6. Leaders drive employee development
Whether entry-level or a proven professional in the field, all employees have room for further development. Every employee can always learn, unlearn, and relearn as the case may require.
Say you’re switching from Magento to Shopify. It’s expected that the leader has adequate knowledge of the work process and will help each employee fit into their role. Consistent employee development will become a company culture as the leader takes a personal interest in developing each employee.
For example, a leader in digital marketing with sufficient knowledge about email newsletter software can easily show other employees how to use it. The leader, in their wealth of experience, will help employees develop and grow.
7. Leaders care about the employees’ welfare
Ensuring the welfare of employees while at the workplace is a leader’s responsibility. The leader is responsible for the health and job satisfaction of the employees. A leader showing genuine interest in the wellness of team members can influence others to care about each other's welfare.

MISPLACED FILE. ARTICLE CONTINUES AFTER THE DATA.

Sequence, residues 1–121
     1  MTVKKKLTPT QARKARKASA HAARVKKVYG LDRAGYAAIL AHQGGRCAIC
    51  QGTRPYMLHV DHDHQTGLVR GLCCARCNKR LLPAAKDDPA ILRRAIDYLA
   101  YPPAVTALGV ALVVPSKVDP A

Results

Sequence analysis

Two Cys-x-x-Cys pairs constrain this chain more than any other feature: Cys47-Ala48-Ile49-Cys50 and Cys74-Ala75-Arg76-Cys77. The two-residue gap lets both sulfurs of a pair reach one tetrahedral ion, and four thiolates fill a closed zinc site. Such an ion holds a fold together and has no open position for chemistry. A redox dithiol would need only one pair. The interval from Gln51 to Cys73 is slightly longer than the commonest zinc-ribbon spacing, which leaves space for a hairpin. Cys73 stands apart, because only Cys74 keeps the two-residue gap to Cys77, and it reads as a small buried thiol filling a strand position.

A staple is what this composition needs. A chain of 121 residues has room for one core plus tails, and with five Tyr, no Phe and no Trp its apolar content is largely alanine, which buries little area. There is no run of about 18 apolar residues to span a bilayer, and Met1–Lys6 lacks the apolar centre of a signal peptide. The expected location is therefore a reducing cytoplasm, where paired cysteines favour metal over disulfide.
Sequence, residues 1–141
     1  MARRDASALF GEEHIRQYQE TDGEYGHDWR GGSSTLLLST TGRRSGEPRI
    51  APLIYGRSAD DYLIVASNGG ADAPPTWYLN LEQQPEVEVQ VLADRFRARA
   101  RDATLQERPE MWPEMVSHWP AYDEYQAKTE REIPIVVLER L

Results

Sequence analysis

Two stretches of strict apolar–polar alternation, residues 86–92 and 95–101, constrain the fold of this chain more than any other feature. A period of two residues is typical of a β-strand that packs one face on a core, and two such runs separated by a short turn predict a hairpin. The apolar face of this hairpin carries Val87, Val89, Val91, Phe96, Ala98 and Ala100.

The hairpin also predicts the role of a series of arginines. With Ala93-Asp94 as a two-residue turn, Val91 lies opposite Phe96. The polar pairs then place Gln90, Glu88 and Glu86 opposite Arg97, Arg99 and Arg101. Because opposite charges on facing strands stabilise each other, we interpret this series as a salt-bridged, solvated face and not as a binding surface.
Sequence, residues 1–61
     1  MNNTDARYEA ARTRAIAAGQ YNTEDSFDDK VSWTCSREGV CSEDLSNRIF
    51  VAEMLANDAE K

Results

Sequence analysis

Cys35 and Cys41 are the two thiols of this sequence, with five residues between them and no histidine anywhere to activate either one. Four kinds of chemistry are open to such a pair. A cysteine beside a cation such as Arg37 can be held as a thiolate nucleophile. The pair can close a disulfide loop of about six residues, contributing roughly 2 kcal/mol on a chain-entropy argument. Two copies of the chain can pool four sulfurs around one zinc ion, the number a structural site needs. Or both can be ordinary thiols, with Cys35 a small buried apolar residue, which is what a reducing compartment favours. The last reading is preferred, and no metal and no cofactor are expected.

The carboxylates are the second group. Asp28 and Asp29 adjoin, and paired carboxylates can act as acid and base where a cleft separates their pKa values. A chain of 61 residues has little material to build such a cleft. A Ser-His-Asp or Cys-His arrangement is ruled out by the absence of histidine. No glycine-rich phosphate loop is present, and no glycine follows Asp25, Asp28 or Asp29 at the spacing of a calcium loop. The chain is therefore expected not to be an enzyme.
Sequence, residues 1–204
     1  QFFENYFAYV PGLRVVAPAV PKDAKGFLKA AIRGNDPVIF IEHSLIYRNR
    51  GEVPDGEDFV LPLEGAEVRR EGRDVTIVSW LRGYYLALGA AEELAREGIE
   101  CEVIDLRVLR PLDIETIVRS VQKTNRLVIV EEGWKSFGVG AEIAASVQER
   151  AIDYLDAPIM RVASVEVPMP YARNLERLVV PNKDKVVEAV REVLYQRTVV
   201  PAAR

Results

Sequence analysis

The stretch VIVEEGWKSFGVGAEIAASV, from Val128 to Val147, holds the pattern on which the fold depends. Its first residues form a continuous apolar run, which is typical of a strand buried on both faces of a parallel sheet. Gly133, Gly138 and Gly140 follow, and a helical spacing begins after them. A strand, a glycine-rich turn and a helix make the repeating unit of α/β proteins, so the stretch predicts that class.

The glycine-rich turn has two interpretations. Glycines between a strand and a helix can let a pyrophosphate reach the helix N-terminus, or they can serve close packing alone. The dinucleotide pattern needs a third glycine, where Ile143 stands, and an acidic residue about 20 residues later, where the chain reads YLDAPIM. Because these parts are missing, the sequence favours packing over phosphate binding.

Leadership Can Bring the Change You Desire
The greatest asset of leaders is the influence they have on their subordinates. They can use their significant influence to instill significant changes in an existing system.
Thanks to your leadership position, you can change and alter your workplace culture to a large extent. Don’t underestimate your role as a CEO and leader in shaping the culture of your company. Take action now.
Nick Brown is the founder & CEO of accelerate agency, an SEO agency based in Bristol. He has over 12 years experience in digital marketing and works with large companies advising them on SEO, CRO, and content marketing. He has written for sites like Hubspot and PandaDoc.